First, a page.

No condemnation of Israel in Erdogan speech ahead of Netanyahu meet

In contrast to previous years, Turkey’s Recep Tayyip Erdogan refrains from condemning Israel and offers only a few words of support for Palestinians, mentioning them almost as an aside in his speech to the UN.

“In order for peace to ring in the Middle East, the Palestinian-Israeli conflict should be brought to an eventual solution,” he says. “We will continue to support the Palestinian people and their end-state in their struggle for legitimate rights under international law.”

Without a Palestinian state based on the 1967 borders “it is difficult for Israel to find the peace and security it seeks in that part of the world,” he says.

“We will continue to pursue respect for the historic status of Jerusalem,” he adds, before moving on to the Balkans.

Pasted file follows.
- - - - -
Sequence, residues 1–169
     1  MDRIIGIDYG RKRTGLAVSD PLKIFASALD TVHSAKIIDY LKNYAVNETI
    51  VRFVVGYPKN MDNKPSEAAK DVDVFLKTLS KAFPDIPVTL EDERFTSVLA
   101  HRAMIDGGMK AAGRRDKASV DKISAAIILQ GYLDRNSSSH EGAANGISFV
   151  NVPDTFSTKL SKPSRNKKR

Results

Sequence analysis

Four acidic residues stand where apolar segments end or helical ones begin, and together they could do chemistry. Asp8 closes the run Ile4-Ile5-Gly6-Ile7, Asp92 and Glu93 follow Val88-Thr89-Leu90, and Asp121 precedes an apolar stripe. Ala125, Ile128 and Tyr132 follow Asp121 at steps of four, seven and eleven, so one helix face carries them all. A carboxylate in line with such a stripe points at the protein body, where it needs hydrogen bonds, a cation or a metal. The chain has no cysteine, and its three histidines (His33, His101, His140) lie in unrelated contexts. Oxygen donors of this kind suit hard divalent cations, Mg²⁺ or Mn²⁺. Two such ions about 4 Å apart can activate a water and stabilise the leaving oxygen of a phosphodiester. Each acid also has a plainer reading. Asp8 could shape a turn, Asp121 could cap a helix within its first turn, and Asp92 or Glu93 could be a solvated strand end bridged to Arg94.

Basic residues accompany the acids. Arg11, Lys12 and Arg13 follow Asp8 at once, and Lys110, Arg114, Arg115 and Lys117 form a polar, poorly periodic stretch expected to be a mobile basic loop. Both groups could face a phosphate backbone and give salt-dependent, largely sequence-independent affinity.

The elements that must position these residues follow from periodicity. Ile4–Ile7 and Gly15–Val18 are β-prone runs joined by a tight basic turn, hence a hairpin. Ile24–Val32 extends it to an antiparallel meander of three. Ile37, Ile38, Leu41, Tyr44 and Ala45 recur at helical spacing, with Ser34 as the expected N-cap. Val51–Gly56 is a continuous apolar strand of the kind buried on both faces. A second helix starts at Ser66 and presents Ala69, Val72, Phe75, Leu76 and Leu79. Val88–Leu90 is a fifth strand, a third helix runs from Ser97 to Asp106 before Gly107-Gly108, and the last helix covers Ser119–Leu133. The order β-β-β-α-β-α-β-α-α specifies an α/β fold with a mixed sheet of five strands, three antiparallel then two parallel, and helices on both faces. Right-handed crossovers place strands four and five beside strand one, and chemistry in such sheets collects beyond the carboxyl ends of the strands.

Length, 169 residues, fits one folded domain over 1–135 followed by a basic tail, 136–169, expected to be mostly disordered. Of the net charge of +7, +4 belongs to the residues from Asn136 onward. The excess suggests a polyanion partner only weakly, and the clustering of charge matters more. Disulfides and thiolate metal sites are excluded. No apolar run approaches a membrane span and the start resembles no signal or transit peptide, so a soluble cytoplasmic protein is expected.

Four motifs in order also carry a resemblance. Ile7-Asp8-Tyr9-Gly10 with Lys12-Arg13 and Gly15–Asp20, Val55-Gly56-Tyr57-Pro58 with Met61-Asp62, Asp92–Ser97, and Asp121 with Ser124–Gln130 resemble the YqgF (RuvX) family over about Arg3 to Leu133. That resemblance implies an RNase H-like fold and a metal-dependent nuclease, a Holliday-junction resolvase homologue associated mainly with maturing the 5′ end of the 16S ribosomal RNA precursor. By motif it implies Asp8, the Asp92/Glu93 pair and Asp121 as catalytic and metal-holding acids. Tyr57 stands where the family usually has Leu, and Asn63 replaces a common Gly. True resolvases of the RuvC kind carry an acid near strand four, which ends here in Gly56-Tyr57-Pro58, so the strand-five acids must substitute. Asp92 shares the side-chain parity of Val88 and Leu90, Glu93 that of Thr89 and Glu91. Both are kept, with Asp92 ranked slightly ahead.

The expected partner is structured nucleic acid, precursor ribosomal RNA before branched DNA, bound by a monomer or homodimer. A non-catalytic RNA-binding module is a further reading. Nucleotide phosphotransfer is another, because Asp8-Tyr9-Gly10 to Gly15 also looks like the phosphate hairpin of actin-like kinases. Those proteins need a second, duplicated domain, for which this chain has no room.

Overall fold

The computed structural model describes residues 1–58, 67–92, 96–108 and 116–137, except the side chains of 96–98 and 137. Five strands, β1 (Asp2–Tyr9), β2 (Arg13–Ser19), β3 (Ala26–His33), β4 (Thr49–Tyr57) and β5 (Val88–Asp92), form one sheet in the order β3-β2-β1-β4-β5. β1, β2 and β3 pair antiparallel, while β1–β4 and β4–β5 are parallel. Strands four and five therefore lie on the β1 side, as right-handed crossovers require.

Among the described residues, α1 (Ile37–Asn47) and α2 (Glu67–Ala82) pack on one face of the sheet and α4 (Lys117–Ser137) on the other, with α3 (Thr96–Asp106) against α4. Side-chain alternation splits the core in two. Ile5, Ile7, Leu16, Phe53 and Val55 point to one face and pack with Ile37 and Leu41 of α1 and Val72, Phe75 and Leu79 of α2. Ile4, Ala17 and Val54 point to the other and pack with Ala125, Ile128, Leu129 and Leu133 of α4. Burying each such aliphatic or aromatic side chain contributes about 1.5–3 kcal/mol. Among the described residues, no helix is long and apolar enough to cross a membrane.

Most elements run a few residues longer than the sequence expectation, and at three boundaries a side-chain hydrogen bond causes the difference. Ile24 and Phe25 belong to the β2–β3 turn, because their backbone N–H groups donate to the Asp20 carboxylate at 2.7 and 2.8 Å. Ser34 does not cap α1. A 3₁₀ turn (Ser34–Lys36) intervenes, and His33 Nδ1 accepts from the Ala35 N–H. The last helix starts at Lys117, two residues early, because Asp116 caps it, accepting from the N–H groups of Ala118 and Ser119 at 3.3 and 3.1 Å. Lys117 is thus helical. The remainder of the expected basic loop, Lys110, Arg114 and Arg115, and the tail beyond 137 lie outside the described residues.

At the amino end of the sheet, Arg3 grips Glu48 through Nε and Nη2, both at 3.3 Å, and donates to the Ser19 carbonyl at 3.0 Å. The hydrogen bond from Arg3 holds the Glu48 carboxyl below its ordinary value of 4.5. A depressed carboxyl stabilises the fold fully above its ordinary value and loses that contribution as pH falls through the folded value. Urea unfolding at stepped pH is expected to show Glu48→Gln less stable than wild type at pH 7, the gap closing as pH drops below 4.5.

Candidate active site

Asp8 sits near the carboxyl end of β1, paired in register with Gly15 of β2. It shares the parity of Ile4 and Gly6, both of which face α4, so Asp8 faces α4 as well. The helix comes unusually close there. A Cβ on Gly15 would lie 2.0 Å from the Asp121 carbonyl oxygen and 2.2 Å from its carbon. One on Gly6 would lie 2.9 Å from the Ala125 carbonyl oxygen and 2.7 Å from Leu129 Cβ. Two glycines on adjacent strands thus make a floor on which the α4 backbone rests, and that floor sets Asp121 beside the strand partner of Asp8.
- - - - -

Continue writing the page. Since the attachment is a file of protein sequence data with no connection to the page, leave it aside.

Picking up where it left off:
The comments, reflecting improved ties between Jerusalem and Ankara, come hours before he is slated to meet with Prime Minister Benjamin Netanyahu in New York.

In past years, Erdogan has used the podium to sling harsh censure at Israel over its treatment of Palestinians. In 2020, he prompted a walkout by the Israeli envoy after saying that “the dirty hand that reaches the privacy of Jerusalem, where the sacred places of the three great religions coexist, is constantly increasing its audacity.”

A year earlier, he used a graphic to accuse Israel of expanding its borders.

President of Turkey Recep Tayyip Erdogan holds up a map of Israel since 1947 showing what he says are expanding Israeli borders while speaking to the United Nations General Assembly at UN headquarters on September 24, 2019 in New York City. (Drew Angerer/Getty Images/AFP)

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